Shields genealogy Descendants of Robert and Nancy Stockton Shields

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From J. A. Shields History

James, son of William and Margret, was commonly known as Colonel James, born in the fort in severe County, Tenn. Aug. 1794, Deanie in his 15th year when the family came into IN, settling near Brewersville. Later he entered the land and now known as the farm of James the Mc Cam in Hunts and Creek before IN became estate. He gave his military title because of his activities in the war of 1812 and the Indian campaign. He was married twice, first to Sarah J. Mc Causland, who died in 1834. William Preston, Mary Ellen, John Tipton, Eliza J., Nancy Ann and James Seviere were their children. His second wife was Martha Mc Castle and, in the he Wilson. The children were Charles, Sarah T., in Diana a less is, generally caller Alice D. There were two other children, Harvey and Winnifred, who died young.

James with his cousin John Tipton took contract in early days of Indiana history to clear the trees and stumps from what was to be the capital ground that Corydon. In fact it was the first territorial and later the state capital. James was a Democrat and a Baptist. One of his daughters, Nancy Ann married Henry Wise in 1843; he was killed at Chickamauga while fighting with the Union Army. She too was loyal to the Union. In June 1864 James and Nancy Shields Elliott visited Colonel James Shields in Indiana after a happy greeting, Nancy Ann, the daughter asked if they were loyal to the Union. Upon being assured that they were, she arose with tears flowing, she said she wanted to shake hands with them again, as the she had given the treasurer of her life, her husband, for the cause. With three sons in the Union Army, Nancy, sister Col. James, took him aside and advised him not to mention politics or the war during the visit or Jimmy, her husband, would not stay overnight in his home. Although a fiery-fighter, he took her advice. For other descendants of Colonel James Shields, see history a of J. A. Shields.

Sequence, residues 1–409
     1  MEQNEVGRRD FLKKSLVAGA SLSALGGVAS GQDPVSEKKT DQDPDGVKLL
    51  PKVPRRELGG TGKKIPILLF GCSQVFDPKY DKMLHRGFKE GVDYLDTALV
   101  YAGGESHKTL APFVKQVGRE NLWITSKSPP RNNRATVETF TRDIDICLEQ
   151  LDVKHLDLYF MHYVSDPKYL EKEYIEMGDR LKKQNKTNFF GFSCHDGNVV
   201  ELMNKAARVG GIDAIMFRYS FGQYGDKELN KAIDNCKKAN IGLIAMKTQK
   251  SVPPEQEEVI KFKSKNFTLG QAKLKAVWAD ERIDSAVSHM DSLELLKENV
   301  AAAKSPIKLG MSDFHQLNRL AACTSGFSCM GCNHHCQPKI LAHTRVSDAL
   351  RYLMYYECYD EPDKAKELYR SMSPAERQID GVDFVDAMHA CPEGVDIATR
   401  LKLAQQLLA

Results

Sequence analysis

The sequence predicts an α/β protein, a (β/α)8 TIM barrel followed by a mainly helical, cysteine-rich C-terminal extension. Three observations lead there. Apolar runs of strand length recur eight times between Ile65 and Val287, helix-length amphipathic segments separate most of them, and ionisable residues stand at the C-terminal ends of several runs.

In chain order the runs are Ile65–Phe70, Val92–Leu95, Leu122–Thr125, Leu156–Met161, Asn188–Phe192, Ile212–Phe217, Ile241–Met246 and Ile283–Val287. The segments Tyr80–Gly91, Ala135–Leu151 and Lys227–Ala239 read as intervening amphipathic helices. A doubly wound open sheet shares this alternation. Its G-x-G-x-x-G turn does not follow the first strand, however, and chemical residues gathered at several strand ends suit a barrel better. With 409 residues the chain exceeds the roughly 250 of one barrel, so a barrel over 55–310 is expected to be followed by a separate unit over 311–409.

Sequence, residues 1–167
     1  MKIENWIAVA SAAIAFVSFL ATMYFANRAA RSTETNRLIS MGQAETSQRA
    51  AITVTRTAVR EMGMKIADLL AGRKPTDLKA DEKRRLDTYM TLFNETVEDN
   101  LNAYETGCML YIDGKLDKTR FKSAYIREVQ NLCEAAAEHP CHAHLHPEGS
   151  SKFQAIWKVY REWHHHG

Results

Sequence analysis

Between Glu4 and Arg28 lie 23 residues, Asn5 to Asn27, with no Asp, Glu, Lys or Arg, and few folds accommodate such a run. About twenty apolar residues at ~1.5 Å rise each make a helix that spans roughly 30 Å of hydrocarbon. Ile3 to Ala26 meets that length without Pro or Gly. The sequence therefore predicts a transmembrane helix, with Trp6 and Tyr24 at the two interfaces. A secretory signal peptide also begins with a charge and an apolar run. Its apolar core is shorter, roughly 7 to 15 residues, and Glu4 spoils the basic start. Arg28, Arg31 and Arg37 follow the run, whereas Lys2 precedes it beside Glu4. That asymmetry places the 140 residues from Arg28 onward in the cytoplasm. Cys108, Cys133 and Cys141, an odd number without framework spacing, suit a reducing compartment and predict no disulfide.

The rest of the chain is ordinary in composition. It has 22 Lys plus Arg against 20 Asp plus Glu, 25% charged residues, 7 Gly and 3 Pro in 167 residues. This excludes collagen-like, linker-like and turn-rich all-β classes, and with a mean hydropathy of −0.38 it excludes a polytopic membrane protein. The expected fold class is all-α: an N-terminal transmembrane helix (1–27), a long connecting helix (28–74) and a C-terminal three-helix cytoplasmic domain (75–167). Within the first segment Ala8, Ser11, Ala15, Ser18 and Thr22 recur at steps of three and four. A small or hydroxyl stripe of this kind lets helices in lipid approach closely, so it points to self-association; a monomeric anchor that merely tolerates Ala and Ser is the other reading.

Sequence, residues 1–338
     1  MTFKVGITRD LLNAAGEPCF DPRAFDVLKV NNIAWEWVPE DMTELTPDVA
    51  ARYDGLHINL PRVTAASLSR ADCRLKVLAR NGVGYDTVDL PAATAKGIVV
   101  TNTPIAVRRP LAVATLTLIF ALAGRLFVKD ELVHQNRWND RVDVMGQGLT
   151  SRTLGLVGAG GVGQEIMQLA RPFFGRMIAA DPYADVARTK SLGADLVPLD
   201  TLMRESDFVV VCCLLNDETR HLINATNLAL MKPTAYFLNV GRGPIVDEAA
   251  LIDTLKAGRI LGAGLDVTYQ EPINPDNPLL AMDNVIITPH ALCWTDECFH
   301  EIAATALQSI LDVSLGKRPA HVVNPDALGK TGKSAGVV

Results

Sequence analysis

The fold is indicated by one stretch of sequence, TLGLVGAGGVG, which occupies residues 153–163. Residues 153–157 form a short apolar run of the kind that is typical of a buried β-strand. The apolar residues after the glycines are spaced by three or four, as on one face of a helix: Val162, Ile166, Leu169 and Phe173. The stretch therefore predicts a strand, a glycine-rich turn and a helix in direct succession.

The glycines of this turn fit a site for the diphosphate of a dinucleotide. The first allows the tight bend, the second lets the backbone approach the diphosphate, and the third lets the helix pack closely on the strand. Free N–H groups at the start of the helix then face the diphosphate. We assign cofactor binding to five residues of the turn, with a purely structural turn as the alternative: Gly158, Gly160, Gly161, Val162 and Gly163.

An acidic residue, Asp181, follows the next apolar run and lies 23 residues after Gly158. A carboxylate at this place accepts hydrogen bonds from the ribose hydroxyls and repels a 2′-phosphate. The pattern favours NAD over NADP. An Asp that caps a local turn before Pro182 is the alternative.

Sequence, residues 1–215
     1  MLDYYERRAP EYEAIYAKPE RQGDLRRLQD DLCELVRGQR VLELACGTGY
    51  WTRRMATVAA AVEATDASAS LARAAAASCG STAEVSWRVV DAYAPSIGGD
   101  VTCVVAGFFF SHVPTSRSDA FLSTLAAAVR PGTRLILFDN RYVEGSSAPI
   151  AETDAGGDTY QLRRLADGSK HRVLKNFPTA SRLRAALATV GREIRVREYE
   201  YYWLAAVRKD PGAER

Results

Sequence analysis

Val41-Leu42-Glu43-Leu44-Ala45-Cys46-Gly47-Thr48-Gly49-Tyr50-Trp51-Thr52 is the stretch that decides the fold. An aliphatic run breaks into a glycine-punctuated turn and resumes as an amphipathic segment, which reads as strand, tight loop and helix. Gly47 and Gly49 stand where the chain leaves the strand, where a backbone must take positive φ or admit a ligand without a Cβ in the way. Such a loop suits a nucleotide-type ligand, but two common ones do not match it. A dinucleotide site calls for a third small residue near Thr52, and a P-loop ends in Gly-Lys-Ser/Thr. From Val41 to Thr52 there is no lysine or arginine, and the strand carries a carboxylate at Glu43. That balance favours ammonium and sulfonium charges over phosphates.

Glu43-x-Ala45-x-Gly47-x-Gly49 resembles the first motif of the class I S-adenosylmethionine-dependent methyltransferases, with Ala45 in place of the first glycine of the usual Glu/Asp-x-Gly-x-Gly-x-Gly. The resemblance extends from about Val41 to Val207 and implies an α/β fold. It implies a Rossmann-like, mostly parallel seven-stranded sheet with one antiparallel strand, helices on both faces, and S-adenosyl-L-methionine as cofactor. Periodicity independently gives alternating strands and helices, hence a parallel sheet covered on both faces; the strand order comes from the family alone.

The 4th child and first daughter of the above, named Elizabeth, was born January 23, 1796, being the first child born outside the fort. She moved to southern IN with her father’s family in 1808, residing in the Fort during the Indian troubles and the war of 1812. She married John Lindsey, June 14th, 1814 near Salem, IN. The Lindsey’s came to IN in 1798. John was the oldest son of Joshua and Elizabeth Lindsey.
John Lindsey moved with other relatives into Decatur Co., IN where they lived until early 1828, when in company with other relatives of Elizabeth SHIELDS LINDSEY. They moved into Northern Indiana, near the present town of Delphi, then Tippecanoe Co., IN which was later divided into Cass, Carroll and White counties. Early in 1829, John Lindsey was given the contract as Indian Agent by the Government to build a corn cracker mill to supply bread for the Pottawatomie Indians. In 1829 he sent for his family who in company with William SHIELDS, brother of Elizabeth and James ELLIOT, whose wife was a sister, and Joshua SHIELDS, a cousin moved their family moved their families into what is now Fulton CO., IN near Lake Manitou.
They resided in Fulton Co., IN until the Pottawatomie Indians were moved west of the Missouri River into the Kansas Territory in 1837. Their children were: William, born in 1816; Joshua, born in 1818; John born in 1820, married and lived in South Bend, IN where he was prominent in business; Mark, born in 1822, died in 1843; Elizabeth was born in 1824; Tipton was born on May 21st, 1829; Nathan was born in 1831. Elizabeth died March 26, 1832. After an effort to preserve the burial place of Elizabeth, the remains were reinterred in the Odd Fellows Cemetery and a marker placed by the D.A.R.s to her memory. Sometime in 1833, John Lindsey married for the second wife, Nancy SHIELDS, second cousin of Elizabeth and daughter of Joshua and Rhoda Tipton SHIELDS. General John Tipton gave Nancy a side saddle and gay saddlebags as a wedding present. They are still preserved in the family of her descendents at Valpariso, Indiana.